Wildfires and a prolonged drought appear to have spared North Carolina's Christmas tree farms this year. The state is a top producer of the holiday staple nationally.
The state's huge Fraser firs got enough moisture during their peak growing season in late spring, according to Bill Glenn of the North Carolina Department of Agriculture.
"About two-thirds of our Christmas trees in North Carolina come from the extreme Northwestern part of the state, Ashe and Alleghany Counties. Those counties were not even in a drought status until last week," Glenn said, adding that Fraser firs are a hardy crop.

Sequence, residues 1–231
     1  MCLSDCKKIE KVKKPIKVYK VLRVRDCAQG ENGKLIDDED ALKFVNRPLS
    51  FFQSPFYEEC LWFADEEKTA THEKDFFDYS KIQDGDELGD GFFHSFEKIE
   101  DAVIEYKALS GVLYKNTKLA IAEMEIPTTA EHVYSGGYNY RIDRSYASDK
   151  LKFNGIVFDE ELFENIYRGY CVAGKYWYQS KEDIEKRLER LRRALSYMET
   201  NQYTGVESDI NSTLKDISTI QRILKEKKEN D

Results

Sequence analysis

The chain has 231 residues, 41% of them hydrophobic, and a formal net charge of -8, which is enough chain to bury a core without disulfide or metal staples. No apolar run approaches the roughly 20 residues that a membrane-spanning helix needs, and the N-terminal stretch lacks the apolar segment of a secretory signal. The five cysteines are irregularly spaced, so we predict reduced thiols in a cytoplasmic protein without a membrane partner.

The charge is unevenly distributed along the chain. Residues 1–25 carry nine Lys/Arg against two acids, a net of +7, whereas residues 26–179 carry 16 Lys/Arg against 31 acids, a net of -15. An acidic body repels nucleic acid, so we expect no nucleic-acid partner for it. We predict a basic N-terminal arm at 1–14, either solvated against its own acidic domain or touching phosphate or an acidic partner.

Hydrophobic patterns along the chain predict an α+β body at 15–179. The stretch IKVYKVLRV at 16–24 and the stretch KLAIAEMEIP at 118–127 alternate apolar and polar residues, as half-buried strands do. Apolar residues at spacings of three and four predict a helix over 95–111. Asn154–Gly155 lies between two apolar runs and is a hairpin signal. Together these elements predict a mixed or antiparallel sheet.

"I don't want to minimize the fact that it's dry," he said. "We need rain. But we're dealing with a very drought-tolerant crop. By the time we harvest a Christmas tree, it's been growing roots for seven or eight years."
Glenn said growers had worried the wildfires would block road access, but they've been able to get Christmas trees to market.
He reminded holiday shoppers to cut a half inch from the bottom of their Christmas trees and fill tree stands with water to keep them fresh at home.